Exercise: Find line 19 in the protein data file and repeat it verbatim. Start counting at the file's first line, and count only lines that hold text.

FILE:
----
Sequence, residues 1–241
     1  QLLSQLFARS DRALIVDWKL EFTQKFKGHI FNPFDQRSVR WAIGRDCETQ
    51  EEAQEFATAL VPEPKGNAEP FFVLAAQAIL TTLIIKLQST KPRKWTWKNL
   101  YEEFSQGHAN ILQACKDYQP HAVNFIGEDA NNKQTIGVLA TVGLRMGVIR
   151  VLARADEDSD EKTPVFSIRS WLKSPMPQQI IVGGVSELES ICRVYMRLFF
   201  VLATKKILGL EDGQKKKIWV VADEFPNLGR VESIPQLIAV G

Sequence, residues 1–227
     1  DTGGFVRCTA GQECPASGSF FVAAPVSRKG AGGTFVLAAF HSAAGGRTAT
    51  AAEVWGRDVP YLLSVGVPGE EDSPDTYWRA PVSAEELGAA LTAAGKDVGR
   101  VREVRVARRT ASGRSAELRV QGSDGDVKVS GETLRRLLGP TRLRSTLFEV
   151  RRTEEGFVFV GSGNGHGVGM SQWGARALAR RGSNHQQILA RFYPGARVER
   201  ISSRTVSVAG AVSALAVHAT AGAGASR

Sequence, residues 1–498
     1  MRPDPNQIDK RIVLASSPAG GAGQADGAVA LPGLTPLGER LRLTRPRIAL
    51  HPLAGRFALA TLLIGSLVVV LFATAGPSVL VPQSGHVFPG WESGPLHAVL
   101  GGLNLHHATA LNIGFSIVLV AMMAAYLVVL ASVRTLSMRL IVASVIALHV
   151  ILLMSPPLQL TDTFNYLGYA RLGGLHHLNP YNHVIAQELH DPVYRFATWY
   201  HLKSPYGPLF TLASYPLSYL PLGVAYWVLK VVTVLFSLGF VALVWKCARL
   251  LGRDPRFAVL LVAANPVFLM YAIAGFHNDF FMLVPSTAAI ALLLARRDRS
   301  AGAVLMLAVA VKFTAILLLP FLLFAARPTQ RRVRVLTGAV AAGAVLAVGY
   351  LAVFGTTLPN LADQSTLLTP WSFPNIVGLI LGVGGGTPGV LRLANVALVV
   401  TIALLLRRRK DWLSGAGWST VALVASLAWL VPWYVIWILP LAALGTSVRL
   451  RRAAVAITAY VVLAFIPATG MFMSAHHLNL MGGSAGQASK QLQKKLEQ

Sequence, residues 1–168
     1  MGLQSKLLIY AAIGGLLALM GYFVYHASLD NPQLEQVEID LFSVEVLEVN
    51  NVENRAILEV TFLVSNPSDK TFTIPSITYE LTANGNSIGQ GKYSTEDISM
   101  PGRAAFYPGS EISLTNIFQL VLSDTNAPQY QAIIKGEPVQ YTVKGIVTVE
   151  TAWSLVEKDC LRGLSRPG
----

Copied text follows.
   251  LGRDPRFAVL LVAANPVFLM YAIAGFHNDF FMLVPSTAAI ALLLARRDRS